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Eight years after the Waitangi Tribunal released Ko Aotearoa Tēnei, the Wai 262 report, the government has announced its formal response.
Another working group.
Last week the Crown’s “preliminary” response went live on Te Puni Kōkiri’s website with the Māori Development Minister committing to a “partnership framework” to progress the Tribunal’s recommendations in its landmark intellectual property report.
Those Tribunal recommendations range from establishing a commission with the power to regulate the use of Māori art to establishing a Māori committee to advise the Commissioner of Patents.
“Every country has a way of ensuring that there is a legislative framework to protect intellectual property,” said Māori Development Minister Nanaia Mahuta.
“[But] in a New Zealand context we don't really have a way to protect the Māori interests within that [framework]”.
In an effort to build such a framework Mahuta is planning to convene three different ministerial groups to examine what legislation might have to change to better protect taonga (e.g. art) and taonga-derived works.
The Tribunal defines taonga as works with whakapapa, mauri (life force), and kaitiaki (guardians). Think of Ka Mate. Taonga-derived works possess a Māori element but are generalised, adapted or combined with a non-Māori element. Think of the Air New Zealand Koru.
There are very few protections for either form with artist Dick Frizzel appropriating the words to Ka Mate as recently as last week.
In a statement Te Rūnanga o Toa Rangatira told media this is why the government’s work on Wai 262 is so important.
However, not all political players are happy with Māori Party president Che Wilson urging “action” on all of the Tribunal’s recent recommendations instead of “rhetoric”.
“While we acknowledge the leadership taken by Nanaia to get a formal response agreed to Wai 262 we hear only radio silence from the Government on the Tribunal’s recommendations regarding freshwater and health.”
“Both of those reports were issued recently and so far nothing. Not a single statement from Peeni, Willie, or any of the other Māori MPs in government,” said Wilson.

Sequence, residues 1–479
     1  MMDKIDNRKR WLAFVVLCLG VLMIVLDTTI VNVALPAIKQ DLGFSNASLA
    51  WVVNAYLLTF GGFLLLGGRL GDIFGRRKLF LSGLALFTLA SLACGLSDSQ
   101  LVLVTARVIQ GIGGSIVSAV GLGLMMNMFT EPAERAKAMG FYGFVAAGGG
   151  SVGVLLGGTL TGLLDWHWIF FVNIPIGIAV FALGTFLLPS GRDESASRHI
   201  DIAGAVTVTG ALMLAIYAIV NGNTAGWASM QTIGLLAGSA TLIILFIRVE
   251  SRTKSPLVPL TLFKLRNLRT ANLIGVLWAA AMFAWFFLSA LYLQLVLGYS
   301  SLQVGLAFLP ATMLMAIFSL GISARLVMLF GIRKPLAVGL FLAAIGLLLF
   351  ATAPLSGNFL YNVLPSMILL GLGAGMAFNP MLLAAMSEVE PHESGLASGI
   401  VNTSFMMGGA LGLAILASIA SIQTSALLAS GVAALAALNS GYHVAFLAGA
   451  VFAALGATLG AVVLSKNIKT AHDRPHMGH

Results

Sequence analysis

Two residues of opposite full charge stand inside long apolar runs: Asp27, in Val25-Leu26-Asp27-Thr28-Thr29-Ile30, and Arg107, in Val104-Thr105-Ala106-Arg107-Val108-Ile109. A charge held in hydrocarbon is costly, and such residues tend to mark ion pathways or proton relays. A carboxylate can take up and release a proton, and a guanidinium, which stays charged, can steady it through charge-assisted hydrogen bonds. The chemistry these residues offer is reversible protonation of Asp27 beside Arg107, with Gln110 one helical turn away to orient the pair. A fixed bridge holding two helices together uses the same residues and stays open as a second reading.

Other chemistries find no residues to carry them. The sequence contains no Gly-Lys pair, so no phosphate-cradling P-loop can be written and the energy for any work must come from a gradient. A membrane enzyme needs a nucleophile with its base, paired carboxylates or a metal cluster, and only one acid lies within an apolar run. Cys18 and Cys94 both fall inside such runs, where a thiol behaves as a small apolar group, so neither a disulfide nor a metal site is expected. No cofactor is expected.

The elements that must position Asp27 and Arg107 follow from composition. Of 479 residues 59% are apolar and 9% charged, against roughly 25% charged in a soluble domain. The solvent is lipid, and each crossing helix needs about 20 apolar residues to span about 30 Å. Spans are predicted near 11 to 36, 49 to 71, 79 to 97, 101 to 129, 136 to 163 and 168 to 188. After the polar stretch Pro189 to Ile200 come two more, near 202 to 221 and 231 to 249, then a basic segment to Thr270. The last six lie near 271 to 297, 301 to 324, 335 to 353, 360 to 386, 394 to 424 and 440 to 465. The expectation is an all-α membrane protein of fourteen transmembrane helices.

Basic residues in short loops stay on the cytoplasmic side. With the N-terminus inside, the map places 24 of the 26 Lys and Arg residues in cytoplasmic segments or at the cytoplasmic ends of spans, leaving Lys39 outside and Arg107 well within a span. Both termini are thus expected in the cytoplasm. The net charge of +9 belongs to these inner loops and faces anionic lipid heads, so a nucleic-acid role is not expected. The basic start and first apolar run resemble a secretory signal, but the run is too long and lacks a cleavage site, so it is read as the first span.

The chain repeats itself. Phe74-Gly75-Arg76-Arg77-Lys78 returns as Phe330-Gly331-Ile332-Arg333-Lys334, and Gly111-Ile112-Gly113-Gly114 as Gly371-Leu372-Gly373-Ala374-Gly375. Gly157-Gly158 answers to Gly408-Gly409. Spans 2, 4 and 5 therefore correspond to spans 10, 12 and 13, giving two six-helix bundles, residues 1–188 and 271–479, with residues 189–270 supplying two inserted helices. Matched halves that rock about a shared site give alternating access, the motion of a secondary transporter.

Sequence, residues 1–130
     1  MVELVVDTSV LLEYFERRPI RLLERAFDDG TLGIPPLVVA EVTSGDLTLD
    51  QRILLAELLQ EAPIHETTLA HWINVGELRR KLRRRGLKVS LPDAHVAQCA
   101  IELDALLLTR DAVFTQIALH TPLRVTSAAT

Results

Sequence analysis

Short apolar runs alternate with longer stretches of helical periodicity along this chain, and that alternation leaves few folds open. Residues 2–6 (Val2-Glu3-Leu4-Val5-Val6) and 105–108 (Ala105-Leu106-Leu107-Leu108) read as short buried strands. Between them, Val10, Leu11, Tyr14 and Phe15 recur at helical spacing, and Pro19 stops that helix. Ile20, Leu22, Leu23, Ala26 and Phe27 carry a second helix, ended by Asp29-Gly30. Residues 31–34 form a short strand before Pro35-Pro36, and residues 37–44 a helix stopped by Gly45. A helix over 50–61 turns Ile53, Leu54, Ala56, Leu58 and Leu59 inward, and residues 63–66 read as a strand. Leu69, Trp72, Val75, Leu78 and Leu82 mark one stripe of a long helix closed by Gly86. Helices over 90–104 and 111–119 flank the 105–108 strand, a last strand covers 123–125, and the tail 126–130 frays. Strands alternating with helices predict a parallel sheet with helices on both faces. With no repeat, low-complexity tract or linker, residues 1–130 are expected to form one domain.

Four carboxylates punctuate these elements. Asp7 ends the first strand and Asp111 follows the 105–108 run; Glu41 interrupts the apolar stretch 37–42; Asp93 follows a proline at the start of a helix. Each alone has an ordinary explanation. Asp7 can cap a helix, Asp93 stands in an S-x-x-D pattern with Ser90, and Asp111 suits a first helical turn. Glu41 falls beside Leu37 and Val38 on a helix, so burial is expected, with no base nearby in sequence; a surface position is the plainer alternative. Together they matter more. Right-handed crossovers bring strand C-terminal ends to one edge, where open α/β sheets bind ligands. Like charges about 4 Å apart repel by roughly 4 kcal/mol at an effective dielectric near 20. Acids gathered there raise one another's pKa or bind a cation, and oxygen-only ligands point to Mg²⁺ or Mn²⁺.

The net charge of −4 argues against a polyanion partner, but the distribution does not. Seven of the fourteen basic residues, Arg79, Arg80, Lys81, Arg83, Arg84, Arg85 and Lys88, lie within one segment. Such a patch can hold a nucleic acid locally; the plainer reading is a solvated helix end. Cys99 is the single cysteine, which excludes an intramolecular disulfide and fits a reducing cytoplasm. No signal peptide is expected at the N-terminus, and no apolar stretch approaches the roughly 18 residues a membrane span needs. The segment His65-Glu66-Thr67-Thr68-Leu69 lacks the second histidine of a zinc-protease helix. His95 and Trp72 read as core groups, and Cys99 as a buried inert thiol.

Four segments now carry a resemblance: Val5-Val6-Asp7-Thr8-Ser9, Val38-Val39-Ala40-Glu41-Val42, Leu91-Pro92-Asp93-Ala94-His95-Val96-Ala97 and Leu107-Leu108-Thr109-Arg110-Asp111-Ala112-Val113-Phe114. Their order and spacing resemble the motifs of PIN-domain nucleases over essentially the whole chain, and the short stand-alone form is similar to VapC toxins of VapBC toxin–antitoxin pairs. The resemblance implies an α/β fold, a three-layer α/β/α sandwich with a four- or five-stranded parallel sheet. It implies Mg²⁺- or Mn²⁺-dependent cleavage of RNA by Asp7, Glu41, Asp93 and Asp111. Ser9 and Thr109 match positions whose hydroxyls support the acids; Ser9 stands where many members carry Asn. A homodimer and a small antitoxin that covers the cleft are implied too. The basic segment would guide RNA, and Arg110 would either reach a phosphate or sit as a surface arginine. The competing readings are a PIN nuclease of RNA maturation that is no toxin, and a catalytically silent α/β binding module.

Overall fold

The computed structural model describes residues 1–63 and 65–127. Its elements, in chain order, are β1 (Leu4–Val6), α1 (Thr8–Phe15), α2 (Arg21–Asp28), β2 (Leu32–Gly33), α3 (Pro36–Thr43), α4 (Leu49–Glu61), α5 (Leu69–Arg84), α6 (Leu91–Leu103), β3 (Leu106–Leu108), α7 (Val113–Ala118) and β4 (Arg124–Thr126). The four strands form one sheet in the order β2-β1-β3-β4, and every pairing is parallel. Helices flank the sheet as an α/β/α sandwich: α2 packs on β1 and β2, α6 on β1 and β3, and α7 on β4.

“The number of Māori MPs in this parliamentary term suggests there should be sufficient numbers to action the Tribunal’s recommendations. A swift and courageous response from government is required now that they have the numbers we never had.”
During the Māori Party’s time in government their co-leaders and ministers were unable to secure a formal response to Wai 262.
However, work was in the pipelines under former Māori Development Minister Te Ururoa Flavell, but the impediment to progress was political rather than policy-based with no appetite within the National-led Cabinet or outside of it for reforming intellectual property laws.
But under this government there is at least a ministerial commitment to reform and a formal paper will go to Cabinet later this year confirming the shape of the government’s new approach (the paper will go to Māori-wide consultation before going to Cabinet).
Significantly, Mahuta and her advisers will also examine how the Crown might reorganise its internal structures to better protect taonga, taking a “whole of government” approach to intellectual property and flora and fauna.
In the Wai 262 report the Tribunal identifies over 20 government departments and agencies that regulate, could regulate, or otherwise influence or come into contact with intellectual property and flora and fauna issues.
Mahuta’s move is a significant and welcome one that could help cement Māori perspectives in every corner and at every level of government, and confirm her as perhaps the most important Māori minister in the current government.